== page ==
ARLINGTON, Va. — In accordance with Defense Department policy on military retention of non-deployable service members, the Air Force implemented its guidance in a memo signed Feb. 19.
Airmen who have been non-deployable for more than 12 consecutive months will be notified by their chain of command and evaluated for retention either through referral to the Disability Evaluation System or consideration for administrative separation.
Air Force leaders signed a memo charging every Airman to be fit for duty and maintain a wartime mission-capable status.
To be wartime mission-capable, Airmen must:
• meet individual medical readiness standards, to include medical, dental, and physical components,
• be able to execute the wartime mission requirements of their respective career fields, to include technical, educational, and physical proficiency,
• be current on the Fitness Assessment and
• be considered a satisfactory participant in Air Force Reserve and Air National Guard duties, as applicable.
“We expect all Airmen to exercise personal accountability for their deployable status and to take the necessary steps to maintain their readiness,” stated the memo signed by the secretary, chief of staff and chief master sergeant of the Air Force. “Commanders will ensure Airmen understand what is required and ensure the necessary resources are available to achieve our goal of a 95 percent or higher deployable rate within their units. The defense of our nation requires Airmen and the Air Force be ready to deploy at all times.”
Airmen exempted from this policy include those who are pregnant or postpartum, in a training or transient status, deployable with limitations, and are filling positions exempted by the secretary of defense.
Additionally, the new Air Force policy lists adoption, humanitarian assignment, legal action, sole survivor/surviving family member/deferred from hostile force zone, conscientious objector, absent without leave, or pending administrative separation as categories that are also exempt from this policy.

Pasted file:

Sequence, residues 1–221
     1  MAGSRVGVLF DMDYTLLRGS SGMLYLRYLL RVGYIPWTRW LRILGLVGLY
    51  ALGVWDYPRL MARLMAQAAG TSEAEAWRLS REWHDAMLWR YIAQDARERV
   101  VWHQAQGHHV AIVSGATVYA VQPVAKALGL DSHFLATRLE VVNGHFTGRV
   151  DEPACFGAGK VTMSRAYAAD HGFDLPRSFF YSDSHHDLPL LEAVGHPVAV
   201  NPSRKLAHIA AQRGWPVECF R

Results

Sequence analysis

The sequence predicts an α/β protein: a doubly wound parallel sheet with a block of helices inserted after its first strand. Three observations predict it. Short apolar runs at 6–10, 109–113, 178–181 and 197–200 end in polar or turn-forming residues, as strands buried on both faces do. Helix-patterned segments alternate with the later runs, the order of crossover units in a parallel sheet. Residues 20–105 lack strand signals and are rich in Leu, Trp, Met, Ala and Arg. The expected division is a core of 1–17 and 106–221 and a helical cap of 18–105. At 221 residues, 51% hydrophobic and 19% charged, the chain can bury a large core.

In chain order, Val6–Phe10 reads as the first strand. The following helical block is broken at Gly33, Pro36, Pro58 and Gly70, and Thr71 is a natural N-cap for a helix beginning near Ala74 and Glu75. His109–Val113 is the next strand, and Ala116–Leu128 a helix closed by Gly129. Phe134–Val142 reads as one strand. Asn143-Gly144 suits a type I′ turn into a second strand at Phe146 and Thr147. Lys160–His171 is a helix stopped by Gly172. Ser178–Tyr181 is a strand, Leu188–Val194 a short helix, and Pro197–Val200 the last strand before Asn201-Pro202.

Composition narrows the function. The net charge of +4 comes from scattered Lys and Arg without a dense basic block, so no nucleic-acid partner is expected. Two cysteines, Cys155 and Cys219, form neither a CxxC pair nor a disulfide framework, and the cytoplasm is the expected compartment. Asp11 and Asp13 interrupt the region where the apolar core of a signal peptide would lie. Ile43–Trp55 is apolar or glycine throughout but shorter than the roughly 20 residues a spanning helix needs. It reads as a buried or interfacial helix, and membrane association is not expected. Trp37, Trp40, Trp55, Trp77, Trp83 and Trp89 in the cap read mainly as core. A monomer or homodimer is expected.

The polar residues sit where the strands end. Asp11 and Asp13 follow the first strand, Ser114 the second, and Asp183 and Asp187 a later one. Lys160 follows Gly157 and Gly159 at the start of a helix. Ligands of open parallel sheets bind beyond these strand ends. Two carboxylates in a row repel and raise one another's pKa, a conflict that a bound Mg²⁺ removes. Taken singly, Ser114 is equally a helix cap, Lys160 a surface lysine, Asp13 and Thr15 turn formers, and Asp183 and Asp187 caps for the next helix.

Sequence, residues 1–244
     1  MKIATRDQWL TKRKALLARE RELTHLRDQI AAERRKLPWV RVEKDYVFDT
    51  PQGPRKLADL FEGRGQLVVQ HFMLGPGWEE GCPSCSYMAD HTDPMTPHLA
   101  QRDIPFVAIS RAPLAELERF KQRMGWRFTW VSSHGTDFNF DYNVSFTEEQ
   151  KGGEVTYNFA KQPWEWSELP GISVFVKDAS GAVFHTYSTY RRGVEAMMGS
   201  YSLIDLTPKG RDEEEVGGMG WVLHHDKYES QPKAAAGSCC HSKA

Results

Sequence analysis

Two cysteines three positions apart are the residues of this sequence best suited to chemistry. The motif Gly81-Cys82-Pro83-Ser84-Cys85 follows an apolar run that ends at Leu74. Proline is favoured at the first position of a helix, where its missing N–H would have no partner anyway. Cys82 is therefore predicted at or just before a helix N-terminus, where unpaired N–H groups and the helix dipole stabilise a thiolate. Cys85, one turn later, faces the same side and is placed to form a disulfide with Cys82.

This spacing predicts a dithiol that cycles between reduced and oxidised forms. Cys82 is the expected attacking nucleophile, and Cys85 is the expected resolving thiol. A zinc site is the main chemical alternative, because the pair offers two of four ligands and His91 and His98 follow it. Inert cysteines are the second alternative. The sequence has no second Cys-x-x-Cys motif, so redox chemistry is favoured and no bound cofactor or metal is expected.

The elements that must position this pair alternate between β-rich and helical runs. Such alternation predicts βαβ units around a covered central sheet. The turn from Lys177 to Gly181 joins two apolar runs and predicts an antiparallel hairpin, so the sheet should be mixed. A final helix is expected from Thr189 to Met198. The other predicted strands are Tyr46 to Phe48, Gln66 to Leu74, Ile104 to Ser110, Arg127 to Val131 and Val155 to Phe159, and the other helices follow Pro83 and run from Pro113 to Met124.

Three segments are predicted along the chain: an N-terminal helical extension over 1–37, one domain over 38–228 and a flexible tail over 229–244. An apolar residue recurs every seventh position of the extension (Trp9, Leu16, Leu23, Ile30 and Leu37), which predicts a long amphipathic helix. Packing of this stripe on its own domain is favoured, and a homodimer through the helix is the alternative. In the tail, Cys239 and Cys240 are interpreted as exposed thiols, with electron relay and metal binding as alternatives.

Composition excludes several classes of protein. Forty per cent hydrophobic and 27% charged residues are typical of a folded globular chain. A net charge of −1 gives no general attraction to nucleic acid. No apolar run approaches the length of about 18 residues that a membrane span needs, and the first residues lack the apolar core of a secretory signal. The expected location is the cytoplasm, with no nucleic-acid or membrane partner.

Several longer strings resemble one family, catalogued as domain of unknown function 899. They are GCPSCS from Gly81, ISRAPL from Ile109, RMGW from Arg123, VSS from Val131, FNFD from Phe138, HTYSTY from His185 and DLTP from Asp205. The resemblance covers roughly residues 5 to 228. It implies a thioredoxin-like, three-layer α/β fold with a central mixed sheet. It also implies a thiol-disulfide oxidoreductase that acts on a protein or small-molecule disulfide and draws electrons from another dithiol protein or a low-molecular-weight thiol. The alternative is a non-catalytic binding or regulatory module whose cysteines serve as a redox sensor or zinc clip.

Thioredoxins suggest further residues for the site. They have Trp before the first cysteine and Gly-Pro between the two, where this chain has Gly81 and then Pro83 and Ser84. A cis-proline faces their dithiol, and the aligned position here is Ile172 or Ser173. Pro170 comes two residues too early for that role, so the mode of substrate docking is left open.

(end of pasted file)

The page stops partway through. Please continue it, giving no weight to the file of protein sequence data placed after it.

For some Airmen, being fit for duty means deploying to an austere environment at a moment’s notice; for others, it means being fit to execute wartime missions from home station. In both scenarios, commanders remain responsible for ensuring their Airmen are fit for duty.
“Being ready to go is in our DNA,” said Lt. Gen. Brian Kelly, Air Force deputy chief of staff for manpower, personnel and services. “It comes from our expeditionary roots as Airmen.”
The Office of the Assistant Secretary of the Air Force for Manpower and Reserve Affairs will serve as the final retention approval authority, with one exception. Only the secretary of the Air Force may disapprove retention requests for combat-wounded Airmen who have been evaluated through the Disability Evaluation System and whose reason for being non-deployable is a result of their combat wounds.
“As a member of the profession of arms, all Airmen must be ready to execute their wartime missions,” said Shon Manasco, assistant secretary of the Air Force for manpower and reserve affairs. “Retaining Airmen who meet our standards to deploy is a top priority.”
For more information, Airmen should visit myPers or call the Air Force Personnel Center’s Total Force Service Center.